Local News

  • Looking Back - Nov. 4, 2015
  • Career fair today for Highlands students, alumni

    By Margaret McKinney
    Highlands University

    Forty employers will be at Highlands University today (Wednesday) looking to hire the university’s students and alumni.
    The free Career and Internship Fair will be from 10 a.m. to 2:30 p.m. in the Student Union Ballroom.

  • New pet ordinance on horizon

    If you live in San Miguel County and you’re used to letting your animals roam freely, you might want to listen up.

    The San Miguel County Commission is planning to take action on a new pet ordinance at a meeting at 2 p.m. on Nov. 10 at the San Miguel County Administration Complex. Public input will be accepted.

    Copies of the ordinance are available on the county’s website, and at the offices of the county clerk, county sheriff and county manager.

  • Highlands dean to keep job

    The Highlands University administrator who helped his cousin secure an administrative Public Education Department license he didn’t qualify for will keep his job at the university.

    Highlands Dean of Students Fidel Trujillo sent an employment verification letter to the state Public Education Department’s Professional Licensure Bureau in 2013 that significantly overstated the time his cousin Charles Trujillo worked as a Highlands administrator. 

  • ‘He almost took me away from my son’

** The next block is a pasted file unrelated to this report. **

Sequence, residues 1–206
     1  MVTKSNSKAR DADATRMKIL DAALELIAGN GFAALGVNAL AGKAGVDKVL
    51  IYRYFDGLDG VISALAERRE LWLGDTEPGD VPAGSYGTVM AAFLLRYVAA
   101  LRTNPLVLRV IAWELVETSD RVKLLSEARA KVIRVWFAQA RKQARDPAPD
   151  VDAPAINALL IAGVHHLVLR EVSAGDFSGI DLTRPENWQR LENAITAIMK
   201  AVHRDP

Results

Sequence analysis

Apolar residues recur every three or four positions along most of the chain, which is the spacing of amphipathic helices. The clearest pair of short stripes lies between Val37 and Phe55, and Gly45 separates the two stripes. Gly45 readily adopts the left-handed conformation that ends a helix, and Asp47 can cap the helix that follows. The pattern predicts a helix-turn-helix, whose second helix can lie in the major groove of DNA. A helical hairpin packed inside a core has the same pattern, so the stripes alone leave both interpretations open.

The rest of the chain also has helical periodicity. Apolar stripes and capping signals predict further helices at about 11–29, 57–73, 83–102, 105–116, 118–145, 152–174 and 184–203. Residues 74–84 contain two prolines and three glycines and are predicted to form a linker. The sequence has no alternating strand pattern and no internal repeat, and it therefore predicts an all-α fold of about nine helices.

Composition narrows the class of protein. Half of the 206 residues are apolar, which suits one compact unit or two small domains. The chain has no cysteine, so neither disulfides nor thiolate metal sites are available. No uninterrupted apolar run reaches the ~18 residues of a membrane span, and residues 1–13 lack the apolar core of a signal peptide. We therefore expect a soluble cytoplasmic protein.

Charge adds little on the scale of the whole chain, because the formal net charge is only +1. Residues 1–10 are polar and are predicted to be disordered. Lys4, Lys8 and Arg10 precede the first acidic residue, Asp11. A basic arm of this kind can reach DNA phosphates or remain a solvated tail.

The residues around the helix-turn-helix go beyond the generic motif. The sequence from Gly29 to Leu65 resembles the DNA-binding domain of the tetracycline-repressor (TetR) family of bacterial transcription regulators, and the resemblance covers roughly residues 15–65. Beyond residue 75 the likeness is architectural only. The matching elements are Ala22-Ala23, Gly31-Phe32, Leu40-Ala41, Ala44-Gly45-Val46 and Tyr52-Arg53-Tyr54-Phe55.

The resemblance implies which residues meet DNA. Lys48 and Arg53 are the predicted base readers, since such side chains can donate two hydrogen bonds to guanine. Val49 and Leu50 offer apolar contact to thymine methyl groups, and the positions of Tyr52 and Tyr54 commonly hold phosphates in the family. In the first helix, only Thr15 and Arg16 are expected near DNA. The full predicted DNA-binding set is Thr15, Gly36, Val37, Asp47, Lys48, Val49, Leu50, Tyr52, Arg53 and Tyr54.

Monday started out like any other day for Natasha Lopez.

    The 27-year-old Anton Chico resident had made the 40-minute drive to Las Vegas and dropped her 7-year-old son off at Rio Gallinas and her 14-year-old sister at West.

    She had some time before her class at Luna Community College, so she drove to Keyes Park and was passing the time by watching Netflix on her cellphone.

  • Nuke labs in NM weigh requiring passports for entry

    By Russell Contreras
    The Associated Press

    Two nuclear research labs would require visitors to show passports or other forms of identification if New Mexico does not comply with tougher U.S. regulations for driver’s licenses, creating uncertainty in a state that grants IDs to immigrants regardless of their legal status.

  • Mora schools chief submits resignation

    MORA — It’s official. Charles Trujillo, the embattled superintendent of the Mora Independent School District, submitted his written resignation, and the school board approved it at a special meeting on Friday.

    The resignation follows an investigative report by the Optic that Trujillo faked his credential in order to obtain his administrative license. Trujillo surrendered his education licenses to the state Public Education Department two days after the Optic story was published.

  • Editorial Roundup - Nov. 1, 2015

    Compiled by The Associated Press

    Corpus Christi Caller-Times on immigration (Oct. 14):

    The recent stories in the Caller-Times of young adult immigrants who grew up in this country, only to be deported or forced out by other circumstances, tore our hearts. They also demonstrated on a human level that immigration is more complex of an issue than our laws are designed to address and our politicians care to admit.

  • Study: Kids take 100-plus required tests through 12th grade

    By Jennifer C. Kerr and Josh Lederman
    The Associated Press

    WASHINGTON — Students, parents and teachers have long lamented the hours that kids spend taking standardized tests, especially since the introduction of the Common Core academic standards. But just how much time each year is it?

  • Administration looks into student debt

    By Lisa Leff
    The Associated Press

    U.S. colleges will face new restrictions on using debit cards to distribute financial aid, and people with low incomes will have new options for repaying student loans under a pair of regulations given final approval by the Obama administration on Tuesday.